Wednesday, June 4, 2014

New release. Enjoy the net also from unmodified devices.

I just released a new version of netsukuku (0.9.1) that fixes a major bug. In version 0.9 the dns-to-andna redirector was working perfectly on a PC with Ubuntu, but it did not work at all on a router with OpenWrt.

I take advantage of this new release to try and see what are the necessary steps to deploy a router in the following scenario.
Those who follow my blog know that in my house, I prepared a simple cabling. There is a room in which a number of cables arrive. Among these, one comes from the roof (where my WISP provider has installed an antenna of their property), one comes from the garage (where I have placed a server) and one comes from the living-room.
In that room is a simple non-configurable hub where all the cables are attached.
I have a router that has a wireless interface and an internal configurable switch which is usually configured to have one WAN port and four LAN ports. A classic tp-link 1043 to be exact. I want to put this router in the living-room to be able to connect with several devices to the Internet.
Let's see how to configure this router to meet these needs and start building at the same time a Netsukuku network.

First, I have built the OpenWrt firmware according to the instructions linked in my previous post. I also included the package for the web commands interface (luci). I flashed the router with the firmware.

I connected one of the LAN ports of the router to the network port of my PC, logged in via web interface to the default URL for a fresh install of OpenWrt ( and set a password for root.

As a first modification, since the device of my WISP uses the address of, I set the LAN interface address of the router to
I changed that input field.

Once that I applied the setting, I had to redo the connection of the network interface on my PC and direct the browser to the new URL (

Then, I enabled the Wifi interface.
Click "Edit"...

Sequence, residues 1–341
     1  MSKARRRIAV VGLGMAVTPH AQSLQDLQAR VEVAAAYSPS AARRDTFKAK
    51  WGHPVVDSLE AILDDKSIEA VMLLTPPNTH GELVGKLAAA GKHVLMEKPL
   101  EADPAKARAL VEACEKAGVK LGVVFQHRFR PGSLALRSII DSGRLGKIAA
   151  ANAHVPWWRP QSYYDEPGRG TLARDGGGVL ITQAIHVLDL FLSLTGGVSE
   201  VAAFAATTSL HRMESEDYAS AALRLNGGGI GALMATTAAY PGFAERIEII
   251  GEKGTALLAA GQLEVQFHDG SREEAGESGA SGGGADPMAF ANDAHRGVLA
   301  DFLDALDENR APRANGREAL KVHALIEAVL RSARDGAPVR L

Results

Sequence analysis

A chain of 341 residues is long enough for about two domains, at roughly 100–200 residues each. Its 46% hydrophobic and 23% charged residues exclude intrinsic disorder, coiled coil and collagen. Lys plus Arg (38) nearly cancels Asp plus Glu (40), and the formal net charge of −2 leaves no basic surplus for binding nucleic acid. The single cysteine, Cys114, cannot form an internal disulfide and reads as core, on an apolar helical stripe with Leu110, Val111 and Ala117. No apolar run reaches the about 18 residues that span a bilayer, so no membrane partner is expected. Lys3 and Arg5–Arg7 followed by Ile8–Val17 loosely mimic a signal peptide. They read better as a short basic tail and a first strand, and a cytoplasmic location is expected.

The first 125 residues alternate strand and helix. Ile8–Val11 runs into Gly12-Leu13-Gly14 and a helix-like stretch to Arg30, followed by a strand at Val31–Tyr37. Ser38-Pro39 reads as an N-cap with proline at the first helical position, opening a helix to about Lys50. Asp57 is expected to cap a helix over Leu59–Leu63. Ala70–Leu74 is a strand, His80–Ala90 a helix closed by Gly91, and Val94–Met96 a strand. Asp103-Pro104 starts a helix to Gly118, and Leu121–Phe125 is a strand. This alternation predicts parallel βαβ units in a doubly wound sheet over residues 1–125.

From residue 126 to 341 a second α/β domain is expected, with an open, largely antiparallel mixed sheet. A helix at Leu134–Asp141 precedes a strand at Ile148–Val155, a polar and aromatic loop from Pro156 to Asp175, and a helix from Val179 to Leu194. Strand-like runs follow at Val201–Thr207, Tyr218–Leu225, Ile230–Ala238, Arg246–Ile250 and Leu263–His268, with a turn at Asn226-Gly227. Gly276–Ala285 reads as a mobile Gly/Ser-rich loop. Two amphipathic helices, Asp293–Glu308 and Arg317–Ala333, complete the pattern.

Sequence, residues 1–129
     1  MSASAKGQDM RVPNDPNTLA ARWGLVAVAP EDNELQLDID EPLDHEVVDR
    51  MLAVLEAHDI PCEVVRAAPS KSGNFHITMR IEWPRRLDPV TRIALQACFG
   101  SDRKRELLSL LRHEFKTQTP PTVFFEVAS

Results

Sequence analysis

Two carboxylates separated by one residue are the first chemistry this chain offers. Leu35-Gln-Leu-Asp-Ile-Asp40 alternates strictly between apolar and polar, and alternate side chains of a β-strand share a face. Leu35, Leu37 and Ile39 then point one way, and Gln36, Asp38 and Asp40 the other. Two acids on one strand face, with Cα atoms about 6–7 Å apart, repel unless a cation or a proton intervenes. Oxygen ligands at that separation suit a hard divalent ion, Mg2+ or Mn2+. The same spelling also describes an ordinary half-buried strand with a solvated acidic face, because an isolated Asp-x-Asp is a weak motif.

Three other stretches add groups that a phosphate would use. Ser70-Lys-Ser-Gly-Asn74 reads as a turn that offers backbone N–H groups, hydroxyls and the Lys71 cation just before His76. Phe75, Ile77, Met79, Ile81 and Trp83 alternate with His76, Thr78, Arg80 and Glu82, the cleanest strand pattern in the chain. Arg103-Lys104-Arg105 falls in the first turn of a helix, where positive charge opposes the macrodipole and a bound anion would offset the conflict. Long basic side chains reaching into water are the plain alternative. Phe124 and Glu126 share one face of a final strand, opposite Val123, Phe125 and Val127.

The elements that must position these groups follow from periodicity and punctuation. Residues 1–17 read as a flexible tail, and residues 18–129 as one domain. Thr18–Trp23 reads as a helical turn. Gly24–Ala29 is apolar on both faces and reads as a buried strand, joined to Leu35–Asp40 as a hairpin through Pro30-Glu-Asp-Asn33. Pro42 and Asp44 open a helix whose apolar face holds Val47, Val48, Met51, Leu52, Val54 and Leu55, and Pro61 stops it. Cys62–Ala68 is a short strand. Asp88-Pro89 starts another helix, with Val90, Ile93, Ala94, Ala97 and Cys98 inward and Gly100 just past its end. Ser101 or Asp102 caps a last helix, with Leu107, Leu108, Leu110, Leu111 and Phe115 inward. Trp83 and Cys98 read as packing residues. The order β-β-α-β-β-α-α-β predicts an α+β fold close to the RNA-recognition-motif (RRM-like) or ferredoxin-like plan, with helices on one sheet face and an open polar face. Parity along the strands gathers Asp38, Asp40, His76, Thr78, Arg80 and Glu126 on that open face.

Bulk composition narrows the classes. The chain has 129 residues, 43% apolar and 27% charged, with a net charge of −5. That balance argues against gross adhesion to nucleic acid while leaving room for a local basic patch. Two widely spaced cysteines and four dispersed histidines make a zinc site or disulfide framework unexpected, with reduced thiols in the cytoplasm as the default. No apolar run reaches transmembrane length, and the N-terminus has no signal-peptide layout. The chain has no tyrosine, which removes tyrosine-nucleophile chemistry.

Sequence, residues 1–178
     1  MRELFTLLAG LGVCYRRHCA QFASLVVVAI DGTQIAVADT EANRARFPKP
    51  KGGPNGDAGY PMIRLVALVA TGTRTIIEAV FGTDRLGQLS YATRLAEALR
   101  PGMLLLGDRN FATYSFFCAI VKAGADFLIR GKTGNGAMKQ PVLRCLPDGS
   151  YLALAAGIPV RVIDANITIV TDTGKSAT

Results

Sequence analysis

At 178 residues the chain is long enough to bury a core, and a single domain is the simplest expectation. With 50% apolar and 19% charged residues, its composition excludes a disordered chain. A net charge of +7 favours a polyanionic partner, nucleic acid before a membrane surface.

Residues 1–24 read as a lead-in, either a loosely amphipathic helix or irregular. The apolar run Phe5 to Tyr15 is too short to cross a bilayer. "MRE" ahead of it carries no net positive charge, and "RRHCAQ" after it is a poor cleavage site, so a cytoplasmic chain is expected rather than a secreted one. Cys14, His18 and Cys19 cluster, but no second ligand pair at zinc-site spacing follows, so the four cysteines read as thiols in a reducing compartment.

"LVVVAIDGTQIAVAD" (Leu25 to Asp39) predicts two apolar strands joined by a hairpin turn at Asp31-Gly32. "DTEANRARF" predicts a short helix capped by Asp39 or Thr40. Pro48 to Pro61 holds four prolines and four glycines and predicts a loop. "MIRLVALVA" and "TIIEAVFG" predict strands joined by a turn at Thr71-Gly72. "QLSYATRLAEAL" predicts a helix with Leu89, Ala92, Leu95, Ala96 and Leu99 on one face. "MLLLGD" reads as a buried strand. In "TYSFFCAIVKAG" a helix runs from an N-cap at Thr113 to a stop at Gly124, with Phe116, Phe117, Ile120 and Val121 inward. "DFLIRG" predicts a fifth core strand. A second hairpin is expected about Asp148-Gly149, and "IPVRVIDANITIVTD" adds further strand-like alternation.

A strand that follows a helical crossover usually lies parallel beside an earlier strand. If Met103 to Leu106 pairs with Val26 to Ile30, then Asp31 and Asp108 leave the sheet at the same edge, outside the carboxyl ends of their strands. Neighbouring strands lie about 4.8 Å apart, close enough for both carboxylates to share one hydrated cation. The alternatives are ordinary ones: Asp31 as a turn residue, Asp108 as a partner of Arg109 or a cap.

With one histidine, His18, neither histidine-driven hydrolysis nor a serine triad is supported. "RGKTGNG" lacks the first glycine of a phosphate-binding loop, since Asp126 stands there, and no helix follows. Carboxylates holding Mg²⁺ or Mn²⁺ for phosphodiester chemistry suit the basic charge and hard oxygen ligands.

I used 'ntkd' as my SSID and a password that you could guess.
The second change that I want to make is about the bridge that is enabled by default in the installation of OpenWrt between the wifi interface and the ports marked as LAN.
For now, I do not foresee to connect any other device to the LAN ports of this router. But even if this were to happen in the future, I want to give to Netsukuku the duty to route the packets received via wifi to the local wired network when necessary. So I want to remove this bridge.

We can see through the OpenWrt web interface how the bridge is made.
To start, the switch inside the device is configured to use the protocol VLAN. The VLAN 2 is composed of just the port 0 of the switch (marked as WAN port in the case). VLAN 1 is composed of the other 4 ports (marked as 1 .. 4 in the case). Both the packets that belong to one VLAN or the other will get to the router's CPU and they'll be "tagged".
Here no changes are needed
So the bridge between the LAN ports and the WiFi is actually a bridge between the eth0.1 interface and the wireless interface, as seen in the "physical settings" page shown below. The name "eth0.1" does not indicate a port other than eth0, rather it is a notation used by Linux to indicate a VLAN. As if we say to the CPU: "packets read and written in the eth0 interface are formatted according to the protocol VLAN; grab only those that belong to VLAN 1."
Interface LAN with bridge enabled
In the "physical settings" page I disable the bridge and I select only the interface "eth0.1".
Interface LAN without bridge
At this point the wireless physical interface is not associated to any logical interface. I create a new logical interface named WIFI.
Click "Add new interface"...
Name "WIFI", protocol static, interface wireless, then click "Submit"...
Set address and netmask 24 bits, then below...
click to enable a DHCP server, finally remember to click "Save and apply."

Now the router has 3 logical interfaces: LAN, WIFI and WAN. I did not make any changes to the WAN interface, which has protocol DHCP and is associated to the physical interface eth0.2 as shown below.